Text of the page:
15. Expression of antigen tf and galectin-3 in fibroadenoma

    PubMed Central

    2012-01-01

    Background Fibroadenomas are benign human breast tumors, characterized by proliferation of epithelial and stromal components of the terminal ductal unit. They may grow, regress or remain unchanged, as the hormonal environment of the patient changes. Expression of antigen TF in mucin or mucin-type glycoproteins and of galectin-3 seems to contribute to proliferation and transformations events; their expression has been reported in ductal breast cancer and in aggressive tumors. Findings Lectin histochemistry, immunohistochemistry, and immunofluorescence were used to examine the expression and distribution of antigen TF and galectin-3. We used lectins from Arachis hypogaea, Artocarpus integrifolia, and Amaranthus lecuocarpus to evaluate TF expression and a monoclonal antibody to evaluate galectin-3 expression. We used paraffin-embedded blocks from 10 breast tissues diagnosed with fibroadenoma and as control 10 healthy tissue samples. Histochemical and immunofluorescence analysis showed positive expression of galectin-3 in fibroadenoma tissue, mainly in stroma, weak interaction in ducts was observed; whereas, in healthy tissue samples the staining was also weak in ducts. Lectins from A. leucocarpus and A. integrifolia specificaly recognized ducts in healthy breast samples, whereas the lectin from A. hypogaea recognized ducts and stroma. In fibroadenoma tissue, the lectins from A. integrifolia, A. Hypogaea, and A. leucocarpus recognized mainly ducts. Conclusions Our results suggest that expression of antigen TF and galectin-3 seems to participate in fibroadenoma development. PMID:23265237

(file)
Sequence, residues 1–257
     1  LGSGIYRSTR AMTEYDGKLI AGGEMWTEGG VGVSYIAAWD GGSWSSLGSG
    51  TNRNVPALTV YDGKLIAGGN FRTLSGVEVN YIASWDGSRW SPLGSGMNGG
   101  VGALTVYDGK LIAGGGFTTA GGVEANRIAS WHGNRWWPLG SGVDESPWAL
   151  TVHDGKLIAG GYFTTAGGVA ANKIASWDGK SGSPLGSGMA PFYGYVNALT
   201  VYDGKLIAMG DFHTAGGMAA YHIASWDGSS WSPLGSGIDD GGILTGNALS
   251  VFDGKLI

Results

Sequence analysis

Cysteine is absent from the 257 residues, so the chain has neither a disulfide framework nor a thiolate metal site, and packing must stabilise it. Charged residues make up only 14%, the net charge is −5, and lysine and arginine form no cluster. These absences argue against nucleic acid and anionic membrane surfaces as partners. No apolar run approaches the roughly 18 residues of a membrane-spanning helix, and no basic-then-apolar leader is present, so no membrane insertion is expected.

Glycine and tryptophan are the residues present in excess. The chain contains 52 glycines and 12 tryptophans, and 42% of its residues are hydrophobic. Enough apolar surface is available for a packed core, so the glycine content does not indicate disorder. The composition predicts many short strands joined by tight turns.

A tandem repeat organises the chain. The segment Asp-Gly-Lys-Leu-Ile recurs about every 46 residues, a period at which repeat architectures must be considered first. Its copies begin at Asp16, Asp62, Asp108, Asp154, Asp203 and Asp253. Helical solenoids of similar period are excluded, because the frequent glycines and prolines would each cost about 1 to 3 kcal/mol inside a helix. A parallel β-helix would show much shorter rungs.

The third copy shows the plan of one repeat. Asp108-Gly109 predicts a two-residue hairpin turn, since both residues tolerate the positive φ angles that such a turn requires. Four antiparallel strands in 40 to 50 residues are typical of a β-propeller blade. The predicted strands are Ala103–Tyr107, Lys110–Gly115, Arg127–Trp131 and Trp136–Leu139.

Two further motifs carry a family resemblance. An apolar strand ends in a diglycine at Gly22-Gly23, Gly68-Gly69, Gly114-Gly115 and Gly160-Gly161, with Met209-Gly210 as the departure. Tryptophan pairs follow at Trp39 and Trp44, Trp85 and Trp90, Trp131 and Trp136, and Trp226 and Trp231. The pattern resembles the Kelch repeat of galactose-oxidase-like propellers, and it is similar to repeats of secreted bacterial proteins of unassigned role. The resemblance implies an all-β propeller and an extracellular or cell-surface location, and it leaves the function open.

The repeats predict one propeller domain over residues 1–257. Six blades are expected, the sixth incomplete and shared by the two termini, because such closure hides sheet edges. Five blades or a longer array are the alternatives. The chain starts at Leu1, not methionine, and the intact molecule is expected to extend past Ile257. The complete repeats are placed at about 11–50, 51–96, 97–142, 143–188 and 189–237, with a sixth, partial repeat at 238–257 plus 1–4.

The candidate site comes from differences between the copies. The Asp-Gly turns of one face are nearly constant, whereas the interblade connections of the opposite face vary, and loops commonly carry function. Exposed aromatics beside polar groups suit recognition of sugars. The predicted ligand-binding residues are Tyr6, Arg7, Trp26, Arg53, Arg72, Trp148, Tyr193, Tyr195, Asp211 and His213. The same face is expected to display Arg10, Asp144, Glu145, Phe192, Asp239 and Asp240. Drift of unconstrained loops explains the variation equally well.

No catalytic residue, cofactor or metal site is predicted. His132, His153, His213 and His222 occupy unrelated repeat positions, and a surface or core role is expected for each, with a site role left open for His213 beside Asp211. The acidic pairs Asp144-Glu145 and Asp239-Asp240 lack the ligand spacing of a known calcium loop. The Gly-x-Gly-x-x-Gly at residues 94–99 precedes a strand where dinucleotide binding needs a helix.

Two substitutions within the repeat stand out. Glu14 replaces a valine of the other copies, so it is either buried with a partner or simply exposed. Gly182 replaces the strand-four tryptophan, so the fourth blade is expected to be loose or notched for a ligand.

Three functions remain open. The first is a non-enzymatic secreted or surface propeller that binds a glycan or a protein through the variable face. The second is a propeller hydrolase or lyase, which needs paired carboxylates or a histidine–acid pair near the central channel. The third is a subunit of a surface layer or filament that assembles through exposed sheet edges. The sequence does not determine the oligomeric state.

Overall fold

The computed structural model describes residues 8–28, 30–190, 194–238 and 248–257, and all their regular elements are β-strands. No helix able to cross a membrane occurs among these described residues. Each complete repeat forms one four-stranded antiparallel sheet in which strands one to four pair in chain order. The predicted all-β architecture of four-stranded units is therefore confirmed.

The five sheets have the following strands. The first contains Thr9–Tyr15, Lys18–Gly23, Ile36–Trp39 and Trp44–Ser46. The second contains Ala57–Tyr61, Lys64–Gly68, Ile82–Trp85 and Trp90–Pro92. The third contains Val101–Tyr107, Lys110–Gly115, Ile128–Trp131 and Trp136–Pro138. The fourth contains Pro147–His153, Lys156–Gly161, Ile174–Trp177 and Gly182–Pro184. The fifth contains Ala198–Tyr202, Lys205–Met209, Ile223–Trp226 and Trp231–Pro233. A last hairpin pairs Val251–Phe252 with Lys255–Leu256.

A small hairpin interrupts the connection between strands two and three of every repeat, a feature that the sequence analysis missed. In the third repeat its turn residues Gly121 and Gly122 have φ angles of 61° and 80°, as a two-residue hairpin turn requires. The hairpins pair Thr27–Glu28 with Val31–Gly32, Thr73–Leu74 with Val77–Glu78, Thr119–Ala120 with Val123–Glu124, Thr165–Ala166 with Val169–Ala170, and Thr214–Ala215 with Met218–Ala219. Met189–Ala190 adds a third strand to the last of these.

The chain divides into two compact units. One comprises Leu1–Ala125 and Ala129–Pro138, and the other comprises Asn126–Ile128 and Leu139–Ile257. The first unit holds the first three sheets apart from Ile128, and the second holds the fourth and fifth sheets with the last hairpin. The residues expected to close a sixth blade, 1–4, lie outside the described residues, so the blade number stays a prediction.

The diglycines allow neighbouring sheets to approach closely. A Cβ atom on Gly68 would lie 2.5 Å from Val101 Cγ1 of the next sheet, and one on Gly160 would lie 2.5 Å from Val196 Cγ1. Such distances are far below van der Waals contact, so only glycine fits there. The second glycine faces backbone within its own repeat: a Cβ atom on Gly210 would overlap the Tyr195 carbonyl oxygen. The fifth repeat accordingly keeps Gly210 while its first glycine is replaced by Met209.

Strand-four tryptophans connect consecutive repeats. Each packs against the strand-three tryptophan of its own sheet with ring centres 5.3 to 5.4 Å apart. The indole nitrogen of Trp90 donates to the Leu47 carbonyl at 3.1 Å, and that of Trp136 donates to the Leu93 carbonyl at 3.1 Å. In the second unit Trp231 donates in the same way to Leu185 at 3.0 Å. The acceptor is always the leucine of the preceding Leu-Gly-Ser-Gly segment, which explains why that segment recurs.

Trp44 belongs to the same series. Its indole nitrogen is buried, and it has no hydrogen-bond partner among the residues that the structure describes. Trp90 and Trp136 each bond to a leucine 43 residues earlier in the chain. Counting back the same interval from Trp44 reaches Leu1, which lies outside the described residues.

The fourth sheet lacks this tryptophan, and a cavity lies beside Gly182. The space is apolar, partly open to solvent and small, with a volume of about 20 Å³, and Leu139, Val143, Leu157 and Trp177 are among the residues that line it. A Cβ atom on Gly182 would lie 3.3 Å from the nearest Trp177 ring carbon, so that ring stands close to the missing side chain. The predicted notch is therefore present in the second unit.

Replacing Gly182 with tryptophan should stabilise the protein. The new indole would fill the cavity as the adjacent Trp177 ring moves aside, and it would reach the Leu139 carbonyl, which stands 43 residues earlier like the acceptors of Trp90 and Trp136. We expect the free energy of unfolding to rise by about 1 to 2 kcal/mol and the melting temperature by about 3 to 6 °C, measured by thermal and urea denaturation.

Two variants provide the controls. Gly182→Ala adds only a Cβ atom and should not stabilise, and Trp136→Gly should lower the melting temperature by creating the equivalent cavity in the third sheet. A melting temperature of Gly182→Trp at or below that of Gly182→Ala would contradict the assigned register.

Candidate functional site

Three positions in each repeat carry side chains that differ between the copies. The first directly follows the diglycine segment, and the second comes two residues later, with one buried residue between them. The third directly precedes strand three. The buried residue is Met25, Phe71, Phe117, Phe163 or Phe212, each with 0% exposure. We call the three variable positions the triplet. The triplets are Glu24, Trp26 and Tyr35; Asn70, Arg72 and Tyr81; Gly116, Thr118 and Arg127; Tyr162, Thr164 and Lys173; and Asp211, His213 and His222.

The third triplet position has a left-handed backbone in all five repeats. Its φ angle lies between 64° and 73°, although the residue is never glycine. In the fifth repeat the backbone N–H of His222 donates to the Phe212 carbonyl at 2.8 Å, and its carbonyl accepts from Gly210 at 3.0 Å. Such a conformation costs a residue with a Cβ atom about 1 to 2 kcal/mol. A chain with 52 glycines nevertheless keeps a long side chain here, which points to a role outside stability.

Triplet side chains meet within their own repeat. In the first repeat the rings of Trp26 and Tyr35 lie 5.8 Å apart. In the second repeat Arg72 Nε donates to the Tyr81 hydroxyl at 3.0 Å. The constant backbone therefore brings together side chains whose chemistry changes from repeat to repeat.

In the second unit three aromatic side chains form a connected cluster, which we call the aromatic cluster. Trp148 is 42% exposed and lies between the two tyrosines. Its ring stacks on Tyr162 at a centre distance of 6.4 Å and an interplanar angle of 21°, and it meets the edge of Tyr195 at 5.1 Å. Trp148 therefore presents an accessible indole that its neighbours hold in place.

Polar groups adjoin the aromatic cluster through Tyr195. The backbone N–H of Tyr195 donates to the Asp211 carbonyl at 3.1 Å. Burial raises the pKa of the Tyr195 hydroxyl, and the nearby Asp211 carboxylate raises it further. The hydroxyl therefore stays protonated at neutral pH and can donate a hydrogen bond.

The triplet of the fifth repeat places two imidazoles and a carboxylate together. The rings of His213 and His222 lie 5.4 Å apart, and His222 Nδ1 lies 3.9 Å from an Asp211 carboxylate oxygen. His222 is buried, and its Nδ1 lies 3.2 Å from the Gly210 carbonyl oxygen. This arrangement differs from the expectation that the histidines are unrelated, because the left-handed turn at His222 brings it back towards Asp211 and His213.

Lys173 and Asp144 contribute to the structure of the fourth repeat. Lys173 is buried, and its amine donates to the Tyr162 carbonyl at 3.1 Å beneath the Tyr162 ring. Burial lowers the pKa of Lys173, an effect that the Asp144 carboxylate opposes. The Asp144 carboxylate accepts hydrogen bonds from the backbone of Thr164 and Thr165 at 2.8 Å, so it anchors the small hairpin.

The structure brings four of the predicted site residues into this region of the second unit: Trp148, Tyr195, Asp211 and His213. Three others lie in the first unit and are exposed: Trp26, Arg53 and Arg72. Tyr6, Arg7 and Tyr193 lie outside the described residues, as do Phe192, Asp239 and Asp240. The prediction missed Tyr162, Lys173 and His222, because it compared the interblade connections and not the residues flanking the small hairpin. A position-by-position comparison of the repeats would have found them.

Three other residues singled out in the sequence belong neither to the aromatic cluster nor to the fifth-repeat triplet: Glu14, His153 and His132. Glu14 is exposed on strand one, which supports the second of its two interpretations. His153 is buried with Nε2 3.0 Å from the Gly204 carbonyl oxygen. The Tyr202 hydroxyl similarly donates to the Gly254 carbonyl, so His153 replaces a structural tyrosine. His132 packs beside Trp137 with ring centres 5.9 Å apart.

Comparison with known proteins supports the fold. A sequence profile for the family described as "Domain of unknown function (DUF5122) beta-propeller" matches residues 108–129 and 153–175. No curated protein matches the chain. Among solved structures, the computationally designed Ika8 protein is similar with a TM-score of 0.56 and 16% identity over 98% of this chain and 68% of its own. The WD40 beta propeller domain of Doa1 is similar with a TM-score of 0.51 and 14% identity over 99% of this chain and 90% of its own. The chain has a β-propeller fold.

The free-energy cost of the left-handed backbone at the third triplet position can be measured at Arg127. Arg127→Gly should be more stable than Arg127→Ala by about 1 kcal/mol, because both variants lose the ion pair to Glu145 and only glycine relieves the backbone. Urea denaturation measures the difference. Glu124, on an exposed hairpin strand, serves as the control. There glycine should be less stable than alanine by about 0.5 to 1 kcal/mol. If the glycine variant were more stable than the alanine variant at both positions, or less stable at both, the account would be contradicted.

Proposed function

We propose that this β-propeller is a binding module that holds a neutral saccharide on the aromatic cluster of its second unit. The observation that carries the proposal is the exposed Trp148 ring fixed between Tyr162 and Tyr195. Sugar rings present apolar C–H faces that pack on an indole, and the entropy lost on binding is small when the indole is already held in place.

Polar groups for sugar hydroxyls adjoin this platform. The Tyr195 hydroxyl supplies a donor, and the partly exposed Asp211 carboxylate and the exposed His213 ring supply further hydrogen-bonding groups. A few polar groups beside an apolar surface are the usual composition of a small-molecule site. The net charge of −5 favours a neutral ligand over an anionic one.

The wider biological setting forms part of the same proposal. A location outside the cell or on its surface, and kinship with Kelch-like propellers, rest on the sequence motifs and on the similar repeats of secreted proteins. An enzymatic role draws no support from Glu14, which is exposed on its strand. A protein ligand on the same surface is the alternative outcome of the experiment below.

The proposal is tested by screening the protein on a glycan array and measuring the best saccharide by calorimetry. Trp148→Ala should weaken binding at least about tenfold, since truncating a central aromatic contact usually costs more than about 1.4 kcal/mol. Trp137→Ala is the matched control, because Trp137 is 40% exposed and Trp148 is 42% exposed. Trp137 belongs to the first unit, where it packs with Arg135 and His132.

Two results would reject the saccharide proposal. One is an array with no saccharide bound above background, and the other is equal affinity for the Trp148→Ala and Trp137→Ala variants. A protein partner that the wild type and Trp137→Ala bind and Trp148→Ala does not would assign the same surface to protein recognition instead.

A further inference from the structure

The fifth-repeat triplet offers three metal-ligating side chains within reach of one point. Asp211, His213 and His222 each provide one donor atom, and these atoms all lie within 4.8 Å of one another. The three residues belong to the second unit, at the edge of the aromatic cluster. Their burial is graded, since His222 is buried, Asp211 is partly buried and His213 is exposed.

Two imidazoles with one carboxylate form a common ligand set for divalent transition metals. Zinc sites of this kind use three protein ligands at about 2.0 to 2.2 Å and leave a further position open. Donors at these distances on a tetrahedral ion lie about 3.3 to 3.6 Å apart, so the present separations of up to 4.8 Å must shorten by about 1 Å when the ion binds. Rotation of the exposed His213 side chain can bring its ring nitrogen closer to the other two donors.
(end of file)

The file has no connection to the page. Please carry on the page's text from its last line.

16. Conclusions on Inclusion

    ERIC Educational Resources Information Center

    Fink, John

    2004-01-01

    An inclusion classroom is defined as one that is tasked with mainstreaming special education students into a population of general education students. In this brief article, the author, a high school mathematics teacher, shares his personal experiences in teaching in an inclusion classroom. A primary focus is his relationship with the special…

  17. Modulation of COUP-TF Expression in a Cnidarian by Ectopic Wnt Signalling and Allorecognition

    PubMed Central

    Duffy, David J.; Frank, Uri

    2011-01-01